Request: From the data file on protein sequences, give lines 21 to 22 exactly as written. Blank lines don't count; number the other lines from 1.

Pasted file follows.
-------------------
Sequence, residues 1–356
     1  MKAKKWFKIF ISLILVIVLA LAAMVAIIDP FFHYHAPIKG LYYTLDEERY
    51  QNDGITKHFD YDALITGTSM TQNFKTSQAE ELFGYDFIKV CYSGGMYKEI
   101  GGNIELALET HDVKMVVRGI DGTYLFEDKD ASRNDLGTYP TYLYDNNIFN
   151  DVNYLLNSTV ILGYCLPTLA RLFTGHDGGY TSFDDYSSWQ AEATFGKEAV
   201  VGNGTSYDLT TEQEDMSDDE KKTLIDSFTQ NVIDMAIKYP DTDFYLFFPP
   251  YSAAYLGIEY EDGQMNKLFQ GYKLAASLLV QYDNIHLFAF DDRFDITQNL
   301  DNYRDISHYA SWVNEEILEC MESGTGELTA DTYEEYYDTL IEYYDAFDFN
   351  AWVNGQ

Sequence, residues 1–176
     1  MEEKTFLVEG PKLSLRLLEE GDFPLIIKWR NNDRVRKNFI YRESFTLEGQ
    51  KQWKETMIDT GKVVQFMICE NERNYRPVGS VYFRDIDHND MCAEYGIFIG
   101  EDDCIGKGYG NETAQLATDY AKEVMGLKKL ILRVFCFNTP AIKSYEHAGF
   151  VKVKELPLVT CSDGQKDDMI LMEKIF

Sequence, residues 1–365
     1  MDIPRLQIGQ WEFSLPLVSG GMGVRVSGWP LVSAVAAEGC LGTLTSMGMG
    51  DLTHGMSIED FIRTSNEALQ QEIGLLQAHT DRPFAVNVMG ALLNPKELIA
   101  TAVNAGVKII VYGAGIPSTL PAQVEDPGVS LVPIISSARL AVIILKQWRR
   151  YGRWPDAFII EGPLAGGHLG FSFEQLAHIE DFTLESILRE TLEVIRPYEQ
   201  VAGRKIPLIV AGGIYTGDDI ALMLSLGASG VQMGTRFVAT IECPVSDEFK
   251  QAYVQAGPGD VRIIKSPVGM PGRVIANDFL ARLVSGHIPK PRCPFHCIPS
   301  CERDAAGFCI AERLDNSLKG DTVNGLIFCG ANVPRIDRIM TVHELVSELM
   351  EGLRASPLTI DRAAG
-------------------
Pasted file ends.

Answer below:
   251  QAYVQAGPGD VRIIKSPVGM PGRVIANDFL ARLVSGHIPK PRCPFHCIPS
   301  CERDAAGFCI AERLDNSLKG DTVNGLIFCG ANVPRIDRIM TVHELVSELM